Now more than ever, educators are aware that accepting failure can help students inside and outside the classroom. But with tests season upon us, the word “failure” seems to have no place in the classroom. Nevertheless, Ben Johnson from Edutopia, encourages us to talk about failure.
If educators truly believe in the power of failure, what would it look like in the classroom? Johnson, advocate of student-directed learning, writes that a classroom based on failure would encourage trail and error. Inquiry-based learning uses failure to its best advantage by making sure there are multiple opportunities for students to improve.
A teacher who embraces failure will teach students to learn from their mistakes by applying a process known as “plan-do-study-act”. In this process,students plan ahead and if during the process they find and error, they start over with a different plan. Next, they ask others what they did and get more information, while also looking at examples of similar problems. Finally, they act to either complete the task or start over with a different approach.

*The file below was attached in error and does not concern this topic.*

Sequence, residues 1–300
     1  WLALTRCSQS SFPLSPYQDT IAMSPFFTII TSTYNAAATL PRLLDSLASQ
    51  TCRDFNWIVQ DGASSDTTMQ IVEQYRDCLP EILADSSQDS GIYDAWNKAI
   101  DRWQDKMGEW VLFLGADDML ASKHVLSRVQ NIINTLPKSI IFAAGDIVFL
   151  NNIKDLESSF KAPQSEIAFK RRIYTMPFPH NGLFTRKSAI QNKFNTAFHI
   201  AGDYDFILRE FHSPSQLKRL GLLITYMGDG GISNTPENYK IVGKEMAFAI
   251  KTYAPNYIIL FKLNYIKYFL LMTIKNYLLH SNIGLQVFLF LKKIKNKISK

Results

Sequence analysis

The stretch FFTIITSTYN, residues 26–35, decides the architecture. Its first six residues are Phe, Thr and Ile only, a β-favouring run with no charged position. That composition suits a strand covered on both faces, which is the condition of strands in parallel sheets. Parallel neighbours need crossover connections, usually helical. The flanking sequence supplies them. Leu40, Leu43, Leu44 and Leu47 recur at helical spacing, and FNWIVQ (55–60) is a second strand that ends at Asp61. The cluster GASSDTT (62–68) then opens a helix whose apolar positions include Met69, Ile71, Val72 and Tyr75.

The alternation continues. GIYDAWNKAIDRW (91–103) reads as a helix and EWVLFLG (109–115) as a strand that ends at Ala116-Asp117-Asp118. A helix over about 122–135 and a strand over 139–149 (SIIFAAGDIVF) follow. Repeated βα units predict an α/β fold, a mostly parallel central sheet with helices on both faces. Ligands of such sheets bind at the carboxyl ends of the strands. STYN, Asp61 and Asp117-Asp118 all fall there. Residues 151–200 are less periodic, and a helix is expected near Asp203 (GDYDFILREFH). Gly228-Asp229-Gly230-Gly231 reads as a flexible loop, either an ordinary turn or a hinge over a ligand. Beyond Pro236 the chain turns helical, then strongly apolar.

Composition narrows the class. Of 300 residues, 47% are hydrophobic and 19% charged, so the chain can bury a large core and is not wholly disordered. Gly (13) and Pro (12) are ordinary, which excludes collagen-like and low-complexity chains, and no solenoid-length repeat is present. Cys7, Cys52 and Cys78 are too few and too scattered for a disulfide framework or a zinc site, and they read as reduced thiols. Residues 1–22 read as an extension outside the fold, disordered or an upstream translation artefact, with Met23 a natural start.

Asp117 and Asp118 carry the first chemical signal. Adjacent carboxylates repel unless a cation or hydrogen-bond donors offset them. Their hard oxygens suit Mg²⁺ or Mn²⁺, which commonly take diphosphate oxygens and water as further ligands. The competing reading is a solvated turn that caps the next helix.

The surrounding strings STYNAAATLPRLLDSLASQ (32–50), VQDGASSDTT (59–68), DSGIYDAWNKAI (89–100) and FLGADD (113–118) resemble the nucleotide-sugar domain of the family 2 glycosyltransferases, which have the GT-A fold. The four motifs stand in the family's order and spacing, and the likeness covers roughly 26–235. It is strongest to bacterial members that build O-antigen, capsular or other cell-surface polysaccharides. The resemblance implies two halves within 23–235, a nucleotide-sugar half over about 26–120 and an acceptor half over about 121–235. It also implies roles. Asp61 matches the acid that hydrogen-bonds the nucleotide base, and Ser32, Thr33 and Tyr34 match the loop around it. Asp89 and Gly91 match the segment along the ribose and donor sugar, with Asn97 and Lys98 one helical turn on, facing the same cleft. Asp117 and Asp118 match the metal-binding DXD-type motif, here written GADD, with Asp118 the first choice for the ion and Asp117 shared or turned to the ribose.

When teachers adopt this practice, a correction or feedback in a project will no longer signify defeat to our students. Instead, says Johnson, it will signify an opportunity to go back to concept and discover the error in thinking. Encouraging students to engage in an iterative learning process.